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Feature Article on Children's Home. Topic: DOWNTOWN/BUILDINGS
By L.C. "Lefty" Bevans in August, 1999

MY LIFE AT THE SHELBY COUNTY CHILDREN'S HOME, 1937-1945

The Shelby County Children’s Home, located just southeast of Sidney, was dedicated November 4, 1897, and was opened a short time after. The children from Shelby County who had been living at the Logan County Children’s Home were transferred to the new Home in Sidney.  From 1897 until it closed in 1976, the Shelby County Children’s Home provided a safe haven for many children.

Those of us who entered the Shelby County Children’s Home during the depression years of the 1930’s appreciated having a warm place to live, clothes to wear and food to eat. The cottage we lived in became our home. The boys or girls in the cottage, with whom we played, worked and went to school, became like our brothers or sisters.

At one time there were 72 children living in the Home, most of them because of the depression and the difficulty the parents had in providing for them.

Mr. and Mrs. Ed Calhoun were the Superintendent and Matron at that time. Other employees were: Miss Emma Allinger, Boys’ Governess; Miss Edith Staley, Girls’ Governess; Miss Ethel Boyer, Seamstress; Mrs. Baker, Cook; Mrs. Zimpher, Laundress; Mr. Bill Herndon, Farm Hand; and Mr. Forest Hook, Stationary Engineer (Fireman of the Boiler).

When I became 13 years old I became a "Barn-Boy." Then the work began. The older boys helped with the farming, milking, gardening, butchering of the farm animals for our own meat, providing the wood for the kitchen and coal for the boiler room. The Home was self-supporting.

The older girls helped with the washing, ironing, cooking, canning, sewing, in the dining room and with the cleaning of the main building.


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The No. 1 clause in the By-Laws, Rules and Regulations of the Children’s Home read:  "1. The family plan shall prevail as nearly as may be, each cottage being a separate family, and the whole institution, including all children and employees, to constitute one family."

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Ed and Hattie Calhoun were the superintendent and matron from 1920 to 1940, the period in which Lefty Bevans resided at the Children’s Home.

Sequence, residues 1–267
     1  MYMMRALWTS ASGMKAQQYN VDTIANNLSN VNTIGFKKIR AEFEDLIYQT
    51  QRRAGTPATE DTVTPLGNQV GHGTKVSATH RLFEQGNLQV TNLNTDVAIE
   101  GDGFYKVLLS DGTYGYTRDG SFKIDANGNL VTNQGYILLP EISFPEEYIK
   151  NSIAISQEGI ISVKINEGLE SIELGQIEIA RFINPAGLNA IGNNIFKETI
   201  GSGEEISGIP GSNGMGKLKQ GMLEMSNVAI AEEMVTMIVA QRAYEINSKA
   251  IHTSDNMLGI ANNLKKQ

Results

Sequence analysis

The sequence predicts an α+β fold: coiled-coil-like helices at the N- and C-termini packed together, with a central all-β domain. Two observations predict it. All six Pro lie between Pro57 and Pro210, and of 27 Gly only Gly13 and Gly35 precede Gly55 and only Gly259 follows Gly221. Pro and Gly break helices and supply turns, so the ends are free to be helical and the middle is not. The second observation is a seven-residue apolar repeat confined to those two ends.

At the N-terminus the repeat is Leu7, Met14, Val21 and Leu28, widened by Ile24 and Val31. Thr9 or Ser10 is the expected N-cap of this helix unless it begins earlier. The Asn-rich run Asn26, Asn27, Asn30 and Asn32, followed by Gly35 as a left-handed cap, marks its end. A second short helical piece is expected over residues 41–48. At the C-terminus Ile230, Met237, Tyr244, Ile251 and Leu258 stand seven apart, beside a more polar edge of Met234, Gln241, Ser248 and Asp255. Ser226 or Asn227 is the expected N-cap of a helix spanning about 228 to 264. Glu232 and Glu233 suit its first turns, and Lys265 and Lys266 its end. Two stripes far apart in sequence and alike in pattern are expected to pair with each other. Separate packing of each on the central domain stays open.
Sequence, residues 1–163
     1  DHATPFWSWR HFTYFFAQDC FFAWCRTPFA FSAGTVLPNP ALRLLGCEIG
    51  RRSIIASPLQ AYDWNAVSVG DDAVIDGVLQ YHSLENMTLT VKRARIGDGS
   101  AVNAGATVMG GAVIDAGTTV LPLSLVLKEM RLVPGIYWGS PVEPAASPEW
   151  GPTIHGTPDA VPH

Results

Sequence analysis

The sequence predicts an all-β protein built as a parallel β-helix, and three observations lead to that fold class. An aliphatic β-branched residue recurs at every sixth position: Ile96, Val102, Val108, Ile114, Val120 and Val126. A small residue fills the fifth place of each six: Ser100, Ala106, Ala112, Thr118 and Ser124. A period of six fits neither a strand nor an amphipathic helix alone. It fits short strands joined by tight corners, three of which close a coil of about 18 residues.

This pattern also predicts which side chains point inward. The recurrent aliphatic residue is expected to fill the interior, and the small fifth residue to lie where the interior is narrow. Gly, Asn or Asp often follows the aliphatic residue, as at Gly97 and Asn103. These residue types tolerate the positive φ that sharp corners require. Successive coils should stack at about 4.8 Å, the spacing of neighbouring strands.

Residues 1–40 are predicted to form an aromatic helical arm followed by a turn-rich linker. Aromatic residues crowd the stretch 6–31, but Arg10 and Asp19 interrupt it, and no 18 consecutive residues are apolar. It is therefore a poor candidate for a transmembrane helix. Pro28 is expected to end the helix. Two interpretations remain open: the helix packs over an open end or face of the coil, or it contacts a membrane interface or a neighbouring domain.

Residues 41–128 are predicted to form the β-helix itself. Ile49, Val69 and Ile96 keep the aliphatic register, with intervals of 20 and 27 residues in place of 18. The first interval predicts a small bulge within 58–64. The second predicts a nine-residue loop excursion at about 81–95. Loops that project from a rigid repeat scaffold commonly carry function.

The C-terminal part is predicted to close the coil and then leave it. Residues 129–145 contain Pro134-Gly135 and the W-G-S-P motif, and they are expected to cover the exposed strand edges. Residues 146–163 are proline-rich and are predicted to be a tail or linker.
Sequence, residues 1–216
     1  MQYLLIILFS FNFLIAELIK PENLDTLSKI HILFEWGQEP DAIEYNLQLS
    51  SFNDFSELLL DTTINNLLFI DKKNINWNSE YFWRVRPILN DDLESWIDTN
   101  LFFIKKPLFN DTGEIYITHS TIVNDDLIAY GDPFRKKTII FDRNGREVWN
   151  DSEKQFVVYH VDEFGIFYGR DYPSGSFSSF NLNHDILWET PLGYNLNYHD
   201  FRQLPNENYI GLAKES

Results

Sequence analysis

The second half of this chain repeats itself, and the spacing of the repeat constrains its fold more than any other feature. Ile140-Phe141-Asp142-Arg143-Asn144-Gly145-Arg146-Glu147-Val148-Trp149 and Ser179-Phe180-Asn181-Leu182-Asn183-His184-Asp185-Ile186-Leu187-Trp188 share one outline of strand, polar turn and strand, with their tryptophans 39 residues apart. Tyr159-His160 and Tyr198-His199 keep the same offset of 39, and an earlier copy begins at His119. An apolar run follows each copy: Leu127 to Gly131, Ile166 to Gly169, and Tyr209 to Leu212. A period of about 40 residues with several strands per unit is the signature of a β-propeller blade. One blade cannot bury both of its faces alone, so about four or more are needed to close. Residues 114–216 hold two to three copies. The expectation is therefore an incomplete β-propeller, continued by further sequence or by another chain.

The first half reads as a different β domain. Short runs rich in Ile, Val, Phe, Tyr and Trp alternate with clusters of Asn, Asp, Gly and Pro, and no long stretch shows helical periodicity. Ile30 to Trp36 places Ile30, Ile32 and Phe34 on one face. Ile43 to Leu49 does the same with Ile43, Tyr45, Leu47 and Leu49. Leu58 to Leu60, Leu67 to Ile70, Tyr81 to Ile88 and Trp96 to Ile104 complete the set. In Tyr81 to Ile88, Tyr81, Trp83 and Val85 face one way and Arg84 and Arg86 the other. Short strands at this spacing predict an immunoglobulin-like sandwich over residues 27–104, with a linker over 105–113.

We went to a two-story school at the Home until it was closed at the end of the 1939 school year. It was later converted into living quarters for an employee. The school building was torn down in February 1965. Mrs. Elizabeth Dodds was the teacher for the first four grades. Mr. Max Michael had the fifth, sixth, seventh and eighth grades. Beginning in 1940 we went to the Orange Township School on U.S. Route 25 south of Sidney, then to Sidney High School for the last four grades.

Mr. and Mrs. James Gilliespie took over the Home in 1940. They made a lot of changes. The older boys were allowed to go to the show on Saturday night (if not in the "doghouse"). The boys and girls could go out with their family on Sunday, once a month. Also we could go to the church of our choice in Sidney on Sunday.

We farmed the land with horses until 1940 when we got our first tractor. That year we also got a new Farmhand, Clarence Trisler and Laundress, Mrs. Keplinger.

When I was in the Home, punishment was the same as in a private home – extra chores, privileges taken away, or use of the razor strap, depending on the offense.

At Christmas time we got so much fruit and candy that Mr. and Mrs. "Chesty" Berger decided to save their gift until summer when they gave us a day of swimming, roller skating, boat riding, and bicycle riding at Orchard Island as our present. The Board of Trustees gave each of us one big present. We would write down three things that we wanted, such as a sled, pocket watch, roller skates, or skis. If your sled was broken you asked for a new one. We took the old broken sled apart and used it to fix up other ones, so that everyone had a good sled.

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The author, "Lefty" Bevans,
resided at the Children’s
Home from 1937-1945.

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The author, "Lefty" Bevans,
in a more recent photograph.

 

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Torn down in 1992, the boys’ cottage (on the right) was on the south side of the main building, while the girls’ cottage was on the north side. The kitchen, storage rooms, and dining hall were in the basement of the main building. The Superintendent’s office and living area were on the first floor, while the second floor contained bedrooms for the cooks, laundry people, and seamstress. The third floor served as a hospital and rooms for high school girls. The author notes that the belfry over the main building was removed in about 1939 and the front entry was changed at the same time.